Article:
Variance components analysis produced estimates of the biological, laboratory, section, and residual variances for the average and maximum scoring methods (Supplemental Tables 5a–b). Estimates for different-section intraclass correlation coefficient, obtained without standardization across laboratories and using originally submitted data, were 0.83 (95% credible interval: 0.73–0.91) for automated average scores across 16 operators and 0.63 (95% credible interval: 0.44─0.80) for maximum scores across 10 operators (Supplemental Table 6). However, original data submissions were discovered to include outlier results from one laboratory that failed to follow its internal standard operating procedures. After quality review and correction of that laboratory’s aberrant data, revised intraclass correlation coefficient estimates were 0.86 (95% credible interval: 0.79–0.93) for average scores and 0.76 (95% credible interval: 0.64─0.88) for maximum scores. The corresponding same-section intraclass correlation coefficient estimates for the average and maximum scores were 0.89 (95% credible interval: 0.83–0.95) and 0.77 (95% credible interval: 0.64–0.88), respectively. This observation indicates excellent reproducibility for average score between automated image analysis systems scoring the same physical glass slides. Although the revised different-section intraclass correlation coefficients did not meet the pre-specified success criterion (lower bound of 95% credible interval did not exceed 0.80), the one for average score using corrected data from Lab B came very close.

When the secondary analysis was performed restricting to only the subgroup of laboratories using the Aperio platform (8 score sets), different-section intraclass correlation coefficient for automated average scores was 0.89 (95% credible interval: 0.81–0.96) (only two laboratories in this subgroup reported maximum Ki67 scores, so variance components analysis was not conducted for that method). A modest numerical increase compared to the analogous intraclass correlation coefficient for the full group of laboratories was observed. Although perhaps not a statistically significant increase, this result provides motivation to investigate whether standardization of automated scoring could further improve reproducibility.

Variance component analyses show that, regardless of scoring method, biological variation among different patients was the largest component of the total variation, indicating that the Ki67 score is reflecting inherent properties of the tumor and that the variation in scores introduced by different laboratories’ scanning and scoring is not obscuring biological signal (Fig. 2, Supplemental Tables 5a–b).

Fig. 2
figure 2

Variance component analysis. Variation due to different components are presented in a bar plot to show the relative magnitude differences between them. Numeric values of the variance component estimates and the corresponding confidence intervals are shown in Supplemental Table 5a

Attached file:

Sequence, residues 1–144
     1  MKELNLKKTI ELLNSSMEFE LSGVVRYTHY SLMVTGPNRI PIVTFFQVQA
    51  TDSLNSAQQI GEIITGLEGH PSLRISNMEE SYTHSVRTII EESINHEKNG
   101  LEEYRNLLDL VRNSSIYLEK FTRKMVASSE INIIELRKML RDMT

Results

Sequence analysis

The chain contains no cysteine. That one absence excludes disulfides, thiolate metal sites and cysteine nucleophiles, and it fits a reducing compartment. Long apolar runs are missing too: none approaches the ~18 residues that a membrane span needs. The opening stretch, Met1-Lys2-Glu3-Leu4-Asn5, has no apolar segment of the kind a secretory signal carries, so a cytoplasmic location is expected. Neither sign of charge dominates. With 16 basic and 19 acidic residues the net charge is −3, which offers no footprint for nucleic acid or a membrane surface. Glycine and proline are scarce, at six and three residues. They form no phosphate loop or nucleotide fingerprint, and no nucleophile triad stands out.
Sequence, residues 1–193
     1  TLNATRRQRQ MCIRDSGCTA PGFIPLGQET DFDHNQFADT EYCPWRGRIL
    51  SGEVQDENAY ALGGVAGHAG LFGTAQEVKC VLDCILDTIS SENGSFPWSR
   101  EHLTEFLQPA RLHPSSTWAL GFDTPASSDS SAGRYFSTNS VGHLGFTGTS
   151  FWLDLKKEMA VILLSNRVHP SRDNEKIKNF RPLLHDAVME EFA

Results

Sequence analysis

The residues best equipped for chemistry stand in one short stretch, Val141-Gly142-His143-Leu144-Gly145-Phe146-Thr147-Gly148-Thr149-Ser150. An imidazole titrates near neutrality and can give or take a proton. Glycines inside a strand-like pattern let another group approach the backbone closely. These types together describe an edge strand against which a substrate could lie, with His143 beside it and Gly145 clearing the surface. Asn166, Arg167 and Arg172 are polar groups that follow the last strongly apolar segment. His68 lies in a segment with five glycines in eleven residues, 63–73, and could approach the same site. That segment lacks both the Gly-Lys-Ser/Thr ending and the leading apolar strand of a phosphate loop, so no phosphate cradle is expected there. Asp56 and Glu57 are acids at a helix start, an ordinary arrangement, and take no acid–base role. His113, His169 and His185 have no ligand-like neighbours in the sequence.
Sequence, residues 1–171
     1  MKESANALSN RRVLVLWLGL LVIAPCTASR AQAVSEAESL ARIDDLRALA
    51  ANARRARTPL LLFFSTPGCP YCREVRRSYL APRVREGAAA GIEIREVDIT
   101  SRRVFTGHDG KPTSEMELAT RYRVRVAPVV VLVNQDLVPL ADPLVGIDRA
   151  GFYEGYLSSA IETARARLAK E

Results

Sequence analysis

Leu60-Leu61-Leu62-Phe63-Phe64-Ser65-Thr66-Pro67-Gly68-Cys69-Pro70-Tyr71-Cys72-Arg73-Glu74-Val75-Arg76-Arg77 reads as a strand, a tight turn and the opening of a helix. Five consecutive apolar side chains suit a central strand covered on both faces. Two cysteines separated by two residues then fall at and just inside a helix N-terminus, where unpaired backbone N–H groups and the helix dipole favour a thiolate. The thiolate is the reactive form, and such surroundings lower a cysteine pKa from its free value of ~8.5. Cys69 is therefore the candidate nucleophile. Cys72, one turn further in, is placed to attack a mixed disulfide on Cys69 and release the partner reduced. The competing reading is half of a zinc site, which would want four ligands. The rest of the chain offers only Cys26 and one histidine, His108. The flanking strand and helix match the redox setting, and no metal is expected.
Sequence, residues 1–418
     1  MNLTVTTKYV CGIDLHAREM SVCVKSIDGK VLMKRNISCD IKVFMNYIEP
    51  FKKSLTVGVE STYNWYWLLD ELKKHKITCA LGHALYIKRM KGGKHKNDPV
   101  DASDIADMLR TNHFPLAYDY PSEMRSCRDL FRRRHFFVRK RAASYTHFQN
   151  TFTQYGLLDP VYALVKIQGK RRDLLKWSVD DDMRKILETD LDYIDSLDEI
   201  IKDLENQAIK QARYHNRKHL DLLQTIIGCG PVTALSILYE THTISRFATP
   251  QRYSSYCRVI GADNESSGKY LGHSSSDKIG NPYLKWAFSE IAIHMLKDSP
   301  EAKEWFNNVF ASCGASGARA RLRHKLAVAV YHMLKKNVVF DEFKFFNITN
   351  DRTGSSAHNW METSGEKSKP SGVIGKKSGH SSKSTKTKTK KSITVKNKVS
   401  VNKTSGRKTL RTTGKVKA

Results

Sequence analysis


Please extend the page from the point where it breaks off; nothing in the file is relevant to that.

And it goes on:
Comparisons of absolute Ki67 scores between laboratories

The variation in scores across laboratories is shown in Fig. 3, in spaghetti plot format. Each line represents scores from one laboratory for each of the 30 core biopsy cases. The between-laboratory reproducibility at the lower end of the range of Ki67 values appears to be particularly good for the average/global method using the automated approach but this good performance did not extend to the lower values of Ki67 using the automated maximum/hot-spot method.

Fig. 3
figure 3

Variability in Ki67 scores (a and c correspond to Group 1; b and d correspond to Group 2). Each line represents Ki67 scores from one laboratory, across the 30 cases (labeled by study code below the x-axis, where they have been ordered by mean score across laboratories). Shaded region indicates Ki67 scores between 10–20%. Original data from Lab B (B.1) are represented by a dotted line to indicate that these data were subsequently revised by Lab B

Agreement of categorical Ki67 scores

In routine clinical laboratory settings, some pathologists may provide categorical Ki67 scores rather than exact staining percentages. To reflect this, an analysis was performed on a categorical level (instead of continuous 0–100% scale), considering categories <10, 10–20, and >20% (commonly interpreted as low, intermediate, and high Ki67 indices). Concordance of these categorical scores across laboratories and cases can be appreciated in a heat map format with the columns (laboratories) sorted (within each group) by the median scores across cases, and the rows (cases) sorted by the median scores across laboratories (Fig. 4). Each box (representing one laboratory’s score for one case) is color-coded, according to the three categories. Among the 30 breast cancer cases, 11 showed complete agreement across laboratories for categorized average scores, and 12 showed complete agreement using categorized maximum scores (Figs. 3, 4). This display also illustrates that laboratories measuring higher or lower than others did so fairly consistently, presumably influenced by thresholds set by the software each laboratory used.